« Collective Punishment in Gaza | Main | Candidates on YouTube »

February 2, 2008

Super Tuesday Comin in Cali

Last night a coworker asked me who I'm voting for in the primary on Tuesday. My response was rather ambivalent. I don't trust the electoral process for many reasons. First, the two-party system eliminates the ability to create truly progressive change. To get legislation passed in Congress, so many people have to agree with it that it's impossible to truly change the system. Corporate interest trumps individual rights on almost every issue. Take healthcare for example: neither Obama or Clinton inspires me at all on this issue because they refuse to admit what is painfully obvious: the US healthcare system is broken because we waste more money creating profit for the insurance industry than we do paying for healthcare. Any "fix" that doesn't involve dismantling the private insurance industry is doomed to failure. When people in other countries get cancer or diabetes or any other disease, they don't have to worry if they make enough money to cover the cost of their care. Rather, their interaction with health professionals revolves around their need for healthcare and their bottom line is never affected. As a thyroid cancer survivor, I know I'm shackled to corporate America for the rest of my life because it is impossible for me to get the healthcare I need without a group policy. Further, no one is researching the cause of thyroid cancer - or stopping the dumping of industrial waste that has caused it to be the only cancer whose occurrence is rising.

So, why should I put a lot of energy into discerning the difference between two candidates beholden to a broken system? Well, I am a member of the Democratic party, so I should at least be making an informed decision on Tuesday. The truth is, Obama is a much more inspiring speaker than Clinton. He's charismatic, charming, and yes, even reminds me of John F. Kennedy. But is that enough? After all, while Kennedy performed well during the Cuban Missile Crisis, it was proceeded by his disastrous leadership in the Bay of Pigs invasion.

In my mind, a presidential candidate's foreign policy is always the most important thing to judge him/her on, regardless of whether or not there's a "war on terrorism" happening. This is because everything domestic the president does is guided by the laws enacted by Congress, whereas the executive branch truly leads the nation in its international interaction. We have no choice but to accept that we live in a global economy with a global community, and I want a president with experience to be the chief ambassador of this country. I have more faith in Clinton's knowledge of foreign affairs than I do in Obama's.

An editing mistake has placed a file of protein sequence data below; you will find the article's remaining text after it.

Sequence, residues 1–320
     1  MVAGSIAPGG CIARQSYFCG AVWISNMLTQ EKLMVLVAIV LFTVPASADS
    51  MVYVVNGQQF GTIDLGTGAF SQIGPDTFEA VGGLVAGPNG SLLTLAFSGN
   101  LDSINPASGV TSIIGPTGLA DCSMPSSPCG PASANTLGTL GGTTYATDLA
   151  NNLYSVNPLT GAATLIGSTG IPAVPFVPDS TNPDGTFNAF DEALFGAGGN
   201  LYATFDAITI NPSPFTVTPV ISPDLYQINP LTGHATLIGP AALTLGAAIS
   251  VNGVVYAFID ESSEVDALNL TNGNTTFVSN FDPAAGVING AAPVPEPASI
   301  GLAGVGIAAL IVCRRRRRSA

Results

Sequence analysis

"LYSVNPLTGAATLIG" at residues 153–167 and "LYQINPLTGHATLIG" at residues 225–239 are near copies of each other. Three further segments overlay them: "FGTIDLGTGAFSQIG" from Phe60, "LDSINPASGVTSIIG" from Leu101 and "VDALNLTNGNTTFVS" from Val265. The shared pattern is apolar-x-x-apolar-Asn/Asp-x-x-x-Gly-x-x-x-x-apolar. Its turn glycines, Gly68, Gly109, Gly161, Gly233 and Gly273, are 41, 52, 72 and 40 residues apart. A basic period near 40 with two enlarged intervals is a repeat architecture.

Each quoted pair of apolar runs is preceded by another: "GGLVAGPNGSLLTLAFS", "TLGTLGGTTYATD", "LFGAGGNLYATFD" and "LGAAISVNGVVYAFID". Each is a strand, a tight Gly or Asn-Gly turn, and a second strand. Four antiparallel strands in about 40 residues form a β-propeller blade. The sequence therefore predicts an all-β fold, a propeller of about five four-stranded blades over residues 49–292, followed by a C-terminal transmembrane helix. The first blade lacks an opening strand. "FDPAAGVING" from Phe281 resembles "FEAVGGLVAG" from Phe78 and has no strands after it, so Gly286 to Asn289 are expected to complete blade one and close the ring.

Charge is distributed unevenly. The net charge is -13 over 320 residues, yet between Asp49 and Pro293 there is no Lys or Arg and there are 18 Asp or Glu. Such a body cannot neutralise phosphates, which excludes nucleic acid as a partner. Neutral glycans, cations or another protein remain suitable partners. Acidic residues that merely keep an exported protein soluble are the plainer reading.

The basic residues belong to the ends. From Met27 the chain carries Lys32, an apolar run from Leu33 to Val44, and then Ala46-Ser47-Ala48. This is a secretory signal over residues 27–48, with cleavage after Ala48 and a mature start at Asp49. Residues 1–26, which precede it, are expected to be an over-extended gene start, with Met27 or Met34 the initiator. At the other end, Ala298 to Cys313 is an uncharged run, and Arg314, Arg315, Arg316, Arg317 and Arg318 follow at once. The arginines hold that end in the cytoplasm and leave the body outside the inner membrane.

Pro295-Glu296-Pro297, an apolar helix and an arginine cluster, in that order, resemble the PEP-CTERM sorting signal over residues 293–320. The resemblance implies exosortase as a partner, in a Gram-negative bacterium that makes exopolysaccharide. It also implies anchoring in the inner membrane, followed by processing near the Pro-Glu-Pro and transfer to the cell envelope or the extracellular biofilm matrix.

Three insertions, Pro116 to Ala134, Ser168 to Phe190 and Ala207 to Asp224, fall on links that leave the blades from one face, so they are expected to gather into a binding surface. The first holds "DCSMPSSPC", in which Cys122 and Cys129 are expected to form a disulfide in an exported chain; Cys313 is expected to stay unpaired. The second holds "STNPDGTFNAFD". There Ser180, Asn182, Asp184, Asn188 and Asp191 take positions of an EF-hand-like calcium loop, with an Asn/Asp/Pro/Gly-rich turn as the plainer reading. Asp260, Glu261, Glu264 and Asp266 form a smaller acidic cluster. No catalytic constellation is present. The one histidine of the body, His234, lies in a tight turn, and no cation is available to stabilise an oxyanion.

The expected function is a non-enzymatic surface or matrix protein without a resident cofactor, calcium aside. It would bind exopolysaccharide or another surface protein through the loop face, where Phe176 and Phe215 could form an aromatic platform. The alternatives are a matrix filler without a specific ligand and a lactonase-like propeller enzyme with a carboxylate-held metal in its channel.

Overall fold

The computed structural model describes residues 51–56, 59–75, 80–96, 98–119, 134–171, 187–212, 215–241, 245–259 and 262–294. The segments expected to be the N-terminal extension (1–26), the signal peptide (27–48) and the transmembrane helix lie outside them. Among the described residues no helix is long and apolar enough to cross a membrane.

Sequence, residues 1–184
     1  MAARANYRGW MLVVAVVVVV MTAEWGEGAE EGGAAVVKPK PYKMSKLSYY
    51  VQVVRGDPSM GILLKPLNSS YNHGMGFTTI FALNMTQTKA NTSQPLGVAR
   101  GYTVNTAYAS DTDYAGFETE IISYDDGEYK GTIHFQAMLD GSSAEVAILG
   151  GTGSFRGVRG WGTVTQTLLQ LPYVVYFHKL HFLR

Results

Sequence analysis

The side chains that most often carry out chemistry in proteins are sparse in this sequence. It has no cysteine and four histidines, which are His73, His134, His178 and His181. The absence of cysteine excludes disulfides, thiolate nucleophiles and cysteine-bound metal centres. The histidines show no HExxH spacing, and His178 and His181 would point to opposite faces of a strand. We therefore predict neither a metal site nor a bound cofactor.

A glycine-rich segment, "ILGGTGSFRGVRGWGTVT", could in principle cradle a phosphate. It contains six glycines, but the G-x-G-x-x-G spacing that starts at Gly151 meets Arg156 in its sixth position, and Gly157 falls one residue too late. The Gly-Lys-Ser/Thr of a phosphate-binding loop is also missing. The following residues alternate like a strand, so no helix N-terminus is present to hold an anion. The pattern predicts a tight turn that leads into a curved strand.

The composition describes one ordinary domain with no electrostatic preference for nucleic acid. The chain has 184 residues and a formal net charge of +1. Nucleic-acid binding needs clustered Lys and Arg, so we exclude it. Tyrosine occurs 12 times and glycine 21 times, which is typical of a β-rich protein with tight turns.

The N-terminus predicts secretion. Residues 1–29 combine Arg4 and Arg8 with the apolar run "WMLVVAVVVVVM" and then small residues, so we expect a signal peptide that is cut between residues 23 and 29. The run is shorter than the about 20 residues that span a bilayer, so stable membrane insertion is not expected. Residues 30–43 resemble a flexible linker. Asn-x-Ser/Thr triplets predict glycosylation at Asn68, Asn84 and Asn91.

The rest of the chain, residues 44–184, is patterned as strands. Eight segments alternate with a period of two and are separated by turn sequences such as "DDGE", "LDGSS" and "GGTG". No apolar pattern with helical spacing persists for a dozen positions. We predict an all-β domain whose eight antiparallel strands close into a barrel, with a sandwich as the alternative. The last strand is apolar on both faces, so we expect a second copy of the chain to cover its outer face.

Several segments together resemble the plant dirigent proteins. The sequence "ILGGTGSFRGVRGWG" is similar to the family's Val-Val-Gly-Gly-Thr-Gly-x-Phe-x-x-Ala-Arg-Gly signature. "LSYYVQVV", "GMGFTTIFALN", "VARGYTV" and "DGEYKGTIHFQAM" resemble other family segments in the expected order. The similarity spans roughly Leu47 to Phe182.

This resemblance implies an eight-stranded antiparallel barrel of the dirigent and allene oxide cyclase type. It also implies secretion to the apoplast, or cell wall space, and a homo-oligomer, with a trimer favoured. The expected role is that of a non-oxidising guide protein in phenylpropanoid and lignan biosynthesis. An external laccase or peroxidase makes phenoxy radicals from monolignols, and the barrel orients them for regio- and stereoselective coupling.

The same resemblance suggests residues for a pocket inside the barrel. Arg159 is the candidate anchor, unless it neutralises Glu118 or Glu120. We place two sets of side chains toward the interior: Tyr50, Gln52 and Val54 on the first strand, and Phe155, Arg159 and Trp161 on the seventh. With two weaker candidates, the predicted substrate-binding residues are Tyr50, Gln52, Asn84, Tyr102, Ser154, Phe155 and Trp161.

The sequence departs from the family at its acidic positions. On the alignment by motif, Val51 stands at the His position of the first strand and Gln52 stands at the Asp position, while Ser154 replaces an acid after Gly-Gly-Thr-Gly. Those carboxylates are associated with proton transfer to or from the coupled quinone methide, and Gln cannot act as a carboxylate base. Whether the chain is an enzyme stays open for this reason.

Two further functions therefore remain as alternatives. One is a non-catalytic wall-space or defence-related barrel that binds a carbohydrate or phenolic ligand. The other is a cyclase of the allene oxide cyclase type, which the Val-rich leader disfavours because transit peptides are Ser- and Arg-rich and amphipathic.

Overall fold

Of course, there's also the historic moment bit of the contest. My father constantly points out that I should strongly support Hillary because we share an alma mater. And of course, there's plenty of second generation feminists who will tell you that young women who don't support Clinton don't appreciate the sacrifice and hard work of the women's movement and the need for women to support women candidates. It's a tired, patronizing drone that I don't think any young woman should take seriously. Because the truth is, gender and ethnic discrimination cannot be separated. On the scale of history, electing either a black man or a white woman would be an important milestone for this country. Young women recognize this and probably take gender out of the equation when choosing between the candidates, because we've grown up understanding the intersections of racial and gender bias.

Nevertheless, I've watched several of the Democratic debates over the last few months and Clinton has consistently seemed the stronger candidate in my mind. Of course, this says nothing about her electability since in the last two elections, the American people chose the dumbest candidate on the stage for their president.

Or did we?

The other reason I'm not obsessed with the presidential race is because I know it is inherently undemocratic. The electoral college system is a vestige of a time when men didn't trust the people and thought States were more important than individual citizens. Until the day that my vote in Los Angeles counts for exactly the same amount as a voter in Des Moines, I will continue to believe the presidential election process is inherently undemocratic. There is absolutely nothing about rural voters that make them needy of a stronger voice in the democratic process than any other minority in this country. In fact, I'd argue that the disproportionate value of rural voters has led to some of the worst legislation in this country's history: Farm Bills that feed the coffers of agribusiness and leave US school children with unhealthy meals, "alternative energy" policy that is completely fuel inefficient and has increased the poverty and hunger of our Mexican neighbors by raising the price of corn, and so forth.

So yeah, I'll probably be voting for Clinton on Tuesday. But it wont be the most interesting political act I do in the coming week. I consider my WILPF work more important to the future of society than any ballot I cast. Nevertheless, it is my civic duty to vote, and I will.

Posted by cj at February 2, 2008 3:40 PM


Post a comment

Thanks for signing in, . Now you can comment. (sign out)

(If you haven't left a comment here before, you may need to be approved by the site owner before your comment will appear. Until then, it won't appear on the entry. Thanks for waiting.)

Remember me?